WASHINGTON - Sens. Ron Wyden, D-Ore., and Mike Crapo, R-Idaho, led a bipartisan group of colleagues Friday in requesting funding to modernize firefighting assets so the U.S. Forest Service can more effectively respond in a cost-effective manner to devastating wildfires.
The senators, in letters to Senate Committee on Appropriations leadership and the U.S. Forest Service, highlighted the need for a modern, highly capable large air tanker and water-scooper fleet — proven to be one of the most effective immediate responses to limit the expansion of wildfires into uncontrollable mega-fires.
They said the available aircraft flying this mission today continue to be retired ex-military/ex-civil aircraft, repurposed for air tanker operations and flown by small private contract firms.
“The intensity and duration of the past successive fire seasons confirm the reality that the wildfire suppression workload has grown in severity and complexity due to hotter, longer burning seasons and the expanding wildland-urban interface,” the lawmakers wrote. “These factors will only worsen future wildfire disasters, so it is time that Congress and the executive branch proactively upgrade firefighting assets in order to protect the lives and property in communities facing these massive wildfires.”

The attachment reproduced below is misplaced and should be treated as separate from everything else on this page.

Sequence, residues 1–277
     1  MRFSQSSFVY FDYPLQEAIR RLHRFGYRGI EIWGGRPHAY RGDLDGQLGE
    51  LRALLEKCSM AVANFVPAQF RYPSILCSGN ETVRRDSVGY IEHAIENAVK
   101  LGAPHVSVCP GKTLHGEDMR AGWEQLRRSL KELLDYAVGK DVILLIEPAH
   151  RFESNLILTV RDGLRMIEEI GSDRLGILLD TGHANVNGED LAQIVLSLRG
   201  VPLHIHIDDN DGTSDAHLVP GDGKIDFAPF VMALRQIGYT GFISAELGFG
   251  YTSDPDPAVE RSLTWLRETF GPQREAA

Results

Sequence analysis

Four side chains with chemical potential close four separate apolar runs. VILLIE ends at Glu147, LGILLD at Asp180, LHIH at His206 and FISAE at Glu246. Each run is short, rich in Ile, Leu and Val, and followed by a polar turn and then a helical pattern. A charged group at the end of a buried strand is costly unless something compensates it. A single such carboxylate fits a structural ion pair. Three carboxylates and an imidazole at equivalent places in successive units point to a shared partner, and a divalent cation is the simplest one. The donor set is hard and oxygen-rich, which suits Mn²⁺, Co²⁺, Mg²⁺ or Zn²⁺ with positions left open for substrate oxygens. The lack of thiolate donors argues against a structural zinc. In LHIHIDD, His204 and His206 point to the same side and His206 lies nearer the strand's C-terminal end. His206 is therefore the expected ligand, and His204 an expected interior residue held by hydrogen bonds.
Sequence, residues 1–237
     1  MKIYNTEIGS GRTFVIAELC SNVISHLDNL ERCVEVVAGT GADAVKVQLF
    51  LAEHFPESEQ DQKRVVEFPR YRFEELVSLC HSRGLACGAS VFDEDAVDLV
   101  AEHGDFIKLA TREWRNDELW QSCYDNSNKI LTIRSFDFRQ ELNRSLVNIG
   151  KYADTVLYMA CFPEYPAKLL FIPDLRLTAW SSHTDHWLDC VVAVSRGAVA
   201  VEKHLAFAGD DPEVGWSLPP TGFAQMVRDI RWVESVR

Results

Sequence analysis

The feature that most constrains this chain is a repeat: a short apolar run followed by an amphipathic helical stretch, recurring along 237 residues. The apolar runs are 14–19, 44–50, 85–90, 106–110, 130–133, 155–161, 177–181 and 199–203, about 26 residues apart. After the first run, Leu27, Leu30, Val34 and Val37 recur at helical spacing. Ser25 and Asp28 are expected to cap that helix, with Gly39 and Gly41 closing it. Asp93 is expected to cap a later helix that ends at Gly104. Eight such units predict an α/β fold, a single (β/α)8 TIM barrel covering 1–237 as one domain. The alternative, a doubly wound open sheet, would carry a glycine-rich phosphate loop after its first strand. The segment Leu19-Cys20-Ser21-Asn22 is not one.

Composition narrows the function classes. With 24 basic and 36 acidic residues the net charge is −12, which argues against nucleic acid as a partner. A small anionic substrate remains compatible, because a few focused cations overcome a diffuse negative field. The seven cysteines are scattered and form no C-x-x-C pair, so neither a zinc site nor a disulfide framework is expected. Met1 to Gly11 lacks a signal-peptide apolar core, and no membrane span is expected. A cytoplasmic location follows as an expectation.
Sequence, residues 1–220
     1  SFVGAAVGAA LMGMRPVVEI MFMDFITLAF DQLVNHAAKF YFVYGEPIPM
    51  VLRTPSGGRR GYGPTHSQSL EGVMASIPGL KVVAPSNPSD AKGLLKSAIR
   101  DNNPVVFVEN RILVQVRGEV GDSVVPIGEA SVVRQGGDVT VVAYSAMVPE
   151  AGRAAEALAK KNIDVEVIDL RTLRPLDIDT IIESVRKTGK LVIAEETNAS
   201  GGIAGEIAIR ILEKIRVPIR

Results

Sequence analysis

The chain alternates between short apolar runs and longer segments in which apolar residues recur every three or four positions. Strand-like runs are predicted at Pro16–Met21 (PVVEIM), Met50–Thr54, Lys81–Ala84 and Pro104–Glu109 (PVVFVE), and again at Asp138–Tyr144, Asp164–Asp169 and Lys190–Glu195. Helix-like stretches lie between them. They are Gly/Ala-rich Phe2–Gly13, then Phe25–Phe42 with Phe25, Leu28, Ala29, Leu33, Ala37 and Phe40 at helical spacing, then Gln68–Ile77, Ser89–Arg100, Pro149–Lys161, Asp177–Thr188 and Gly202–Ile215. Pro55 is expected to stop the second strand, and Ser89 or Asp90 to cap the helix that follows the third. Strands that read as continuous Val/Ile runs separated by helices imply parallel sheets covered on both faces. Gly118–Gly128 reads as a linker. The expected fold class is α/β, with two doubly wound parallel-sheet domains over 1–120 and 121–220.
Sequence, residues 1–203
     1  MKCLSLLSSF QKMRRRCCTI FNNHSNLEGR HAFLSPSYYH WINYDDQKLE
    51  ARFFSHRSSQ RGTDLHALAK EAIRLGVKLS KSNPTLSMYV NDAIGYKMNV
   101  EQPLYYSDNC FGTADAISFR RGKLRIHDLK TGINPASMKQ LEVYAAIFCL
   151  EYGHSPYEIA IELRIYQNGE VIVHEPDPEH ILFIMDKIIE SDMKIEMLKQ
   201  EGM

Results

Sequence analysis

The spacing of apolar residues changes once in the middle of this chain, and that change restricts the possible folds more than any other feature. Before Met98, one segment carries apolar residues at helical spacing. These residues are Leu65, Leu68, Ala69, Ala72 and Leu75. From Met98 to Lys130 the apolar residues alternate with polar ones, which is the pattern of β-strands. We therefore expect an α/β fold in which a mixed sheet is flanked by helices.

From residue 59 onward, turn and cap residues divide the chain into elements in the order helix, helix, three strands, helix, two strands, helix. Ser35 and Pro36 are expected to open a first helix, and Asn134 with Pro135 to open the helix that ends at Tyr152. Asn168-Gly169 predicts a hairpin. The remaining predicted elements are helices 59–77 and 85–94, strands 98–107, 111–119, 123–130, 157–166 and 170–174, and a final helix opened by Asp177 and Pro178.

In March, Congress passed into law a long-term, bipartisan funding solution led by Wyden and Crapo to stabilize the Forest Service budget. The fire fix, taking effect in 2020, ends the backwards practice of “fire borrowing,” allowing the agency to restart many of the fire prevention projects delayed by uncertain funding from longer, hotter fire years.
To ensure the Forest Service can most effectively fight wildfires now, Congress must also immediately act to invest in modern firefighting assets, the senators said.
Wyden and Crapo were joined by Martin Heinrich, D-N.M., Jim Risch, R-Idaho, Jeff Merkley, D-Ore., Johnny Isakson, R-Ga., Maria Cantwell, D-Wash., Cory Gardner, R-C.O., and Michael Bennet, D-C.O., in sending the letters.